The most likely people to leave a company are highly skilled employees who are in high demand (e.g., IT). Employees who feel they are underutilized and who want to advance their careers, and employees who are looking for work that can more easily balance with their personal lives, are also more likely to leave. It’s also common knowledge that IT employees change jobs often, and that IT departments don't do a great job retaining them for the long haul. HR AI can help prevent attrition if you provide it with internal employee and departmental data that it can assess your employees, their talents and their needs based upon the search criteria that you give it. For instance, you can build a corporate employee database that goes beyond IT, and that lists all the relevant skills and work experiences that employees across a broad spectrum of the company possess. Using this method, you might identify an employee who is working in accounting, but who has an IT background, enjoys data analytics, and wants to explore a career change. Or you could identify a junior member of IT who is a strong communicator and can connect with end users in the business. 

Automation and digital transformation: 3 ways they go together

All sorts of automation gets devised and implemented for specific purposes or tasks, sometimes for refreshingly simple reasons, like “Automating this makes our system more resilient, and automating this makes my job better.” This is the type of step-by-step automation long done by sysadmins and other operations-focused IT pros; it’s also common in DevOps and site reliability engineering (SRE) roles. IT automation happens for perfectly good reasons on its own, and it has now spread deep and wide in most, if not all, of the traditional branches of the IT family tree: development, operations, security, testing/QA, data management and analytics – you get the idea. None of this needs to be tethered to a digital transformation initiative; the benefits of a finely tuned CI/CD pipeline or security automation can be both the means and the end. There’s no such thing as digital transformation without automation, however. This claim may involve some slight exaggeration, and reasonable people can disagree. But digital transformation of the ambitious sort that most Fortune 500 boardrooms are now deeply invested in requires (among other things) a massive technology lever to accomplish, and that lever is automation.

The best way to lead in uncertain times may be to throw out the playbook

Organizations also used the sensing-responding-adapting model to combat misinformation and confusion about masks and vaccines. With conflicting guidance from the Centers for Disease Control and Prevention (CDC) in the US and the World Health Organization (WHO), one organization we studied opted for “full transparency” with a “fully digital” solution. The company built an app that included data from sources the company considered reliable, and it updated policies, outlined precautions, and offered ways to report vaccination status. The app turbocharged the company’s sense-respond-adapt capabilities by getting quality information in everyone’s hands and opening a new channel for regular two-way communication. There was no waiting for an “all hands” meeting to get meaningful questions and feedback. Reflecting on the results of the study, one takeaway became clear: it’s worthwhile for leaders of any team to absorb the lessons of sense-respond-adapt, even if there is no emergency at hand. Here are three ways to employ each step of the model.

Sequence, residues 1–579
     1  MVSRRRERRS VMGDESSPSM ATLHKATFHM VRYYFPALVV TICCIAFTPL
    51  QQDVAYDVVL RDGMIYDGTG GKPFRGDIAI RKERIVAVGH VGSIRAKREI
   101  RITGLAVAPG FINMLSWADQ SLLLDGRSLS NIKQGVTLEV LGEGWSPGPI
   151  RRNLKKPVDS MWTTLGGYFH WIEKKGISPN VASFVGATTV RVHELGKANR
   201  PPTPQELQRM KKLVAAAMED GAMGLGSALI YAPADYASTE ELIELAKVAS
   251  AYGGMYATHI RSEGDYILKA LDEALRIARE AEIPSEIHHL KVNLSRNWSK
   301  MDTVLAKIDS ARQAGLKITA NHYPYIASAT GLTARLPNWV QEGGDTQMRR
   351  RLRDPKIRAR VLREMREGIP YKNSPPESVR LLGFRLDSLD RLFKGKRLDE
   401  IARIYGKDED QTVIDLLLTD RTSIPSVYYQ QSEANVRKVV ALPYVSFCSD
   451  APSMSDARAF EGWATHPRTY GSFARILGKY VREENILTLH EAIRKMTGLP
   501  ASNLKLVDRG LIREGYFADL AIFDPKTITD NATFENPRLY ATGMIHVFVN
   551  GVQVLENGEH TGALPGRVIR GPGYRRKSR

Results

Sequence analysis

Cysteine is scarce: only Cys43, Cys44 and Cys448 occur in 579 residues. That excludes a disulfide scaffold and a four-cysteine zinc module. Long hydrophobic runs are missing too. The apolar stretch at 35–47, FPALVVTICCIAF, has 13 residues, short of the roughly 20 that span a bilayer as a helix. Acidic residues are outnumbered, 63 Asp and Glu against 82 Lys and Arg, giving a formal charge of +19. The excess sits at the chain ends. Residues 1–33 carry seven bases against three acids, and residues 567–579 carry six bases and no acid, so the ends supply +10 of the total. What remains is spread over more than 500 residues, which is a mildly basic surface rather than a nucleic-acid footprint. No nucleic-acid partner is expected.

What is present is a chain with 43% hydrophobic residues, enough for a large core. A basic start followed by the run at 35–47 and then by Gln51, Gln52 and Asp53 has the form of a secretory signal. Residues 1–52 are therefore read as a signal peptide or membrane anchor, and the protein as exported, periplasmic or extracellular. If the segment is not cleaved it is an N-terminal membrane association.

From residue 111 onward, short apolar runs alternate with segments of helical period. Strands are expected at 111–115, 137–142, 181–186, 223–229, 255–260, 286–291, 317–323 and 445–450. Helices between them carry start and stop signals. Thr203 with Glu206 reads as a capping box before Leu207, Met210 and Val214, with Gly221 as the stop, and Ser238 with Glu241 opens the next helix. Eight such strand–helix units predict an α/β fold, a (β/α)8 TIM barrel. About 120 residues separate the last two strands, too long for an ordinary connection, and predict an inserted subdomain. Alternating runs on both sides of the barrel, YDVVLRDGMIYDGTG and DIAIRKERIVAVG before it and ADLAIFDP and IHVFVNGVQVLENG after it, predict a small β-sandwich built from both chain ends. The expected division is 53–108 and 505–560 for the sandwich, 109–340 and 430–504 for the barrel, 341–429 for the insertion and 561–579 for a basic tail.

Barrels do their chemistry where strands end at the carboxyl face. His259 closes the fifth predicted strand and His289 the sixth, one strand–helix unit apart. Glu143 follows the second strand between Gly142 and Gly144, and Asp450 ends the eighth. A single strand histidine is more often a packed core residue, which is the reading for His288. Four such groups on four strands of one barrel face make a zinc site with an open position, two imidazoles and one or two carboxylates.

The Three Building Blocks of Data Science

Data is worthless without the context for understanding it properly — context which can only be obtained by a domain expert: someone who understands the field where the data stems from and can thus provide the perspectives needed to interpret it correctly. Let’s consider a toy example to illustrate this. Imagine we collect data from a bunch of different golf games from recent years of the PGA Tour. We obtain all the data, we process and organize it, we analyze it, and we confidently publish our findings, having triple-checked all our formulas and computations. And then, we become laughingstocks of the media. Why? Well, since none of us has ever actually played golf, we didn’t realize that lower scores correspond to a better performance. As a result, all our analyses were based on the reverse, and therefore incorrect. This is obviously an exaggeration, but it gets the point across. Data only makes sense in context, and so it is essential to consult with a domain expert before attempting to draw any conclusions.

Surprise! The metaverse could be great news for the enterprise edge

Metaverse latency control is more than just edge computing, it’s also edge connectivity, meaning consumer broadband. Faster broadband offers lower latency, but there’s more to latency control than just speed. You need to minimize the handling, the number of hops or devices between the user who’s pushing an avatar around a metaverse, and the software that understands what that means to what the user “sees” and what others see as well. Think fiber and cable TV, and a fast path between the user and the nearest edge, which is likely to be in a nearby major metro area. And think “everywhere” because, while the metaverse may be nowhere in a strict reality sense, it’s everywhere that social-media humans are, which is everywhere. Low latency, high-speed, universal consumer broadband? All the potential ad revenue for the metaverse is suddenly targeting that goal. As it’s achieved, the average social-media junkie could well end up with 50 or 100 Mbps or even a gigabit of low-latency bandwidth. There are corporate headquarters who don’t have it that good. 

Quote for the day:

"The ability to summon positive emotions during periods of intense stress lies at the heart of effective leadership." -- Jim Loehr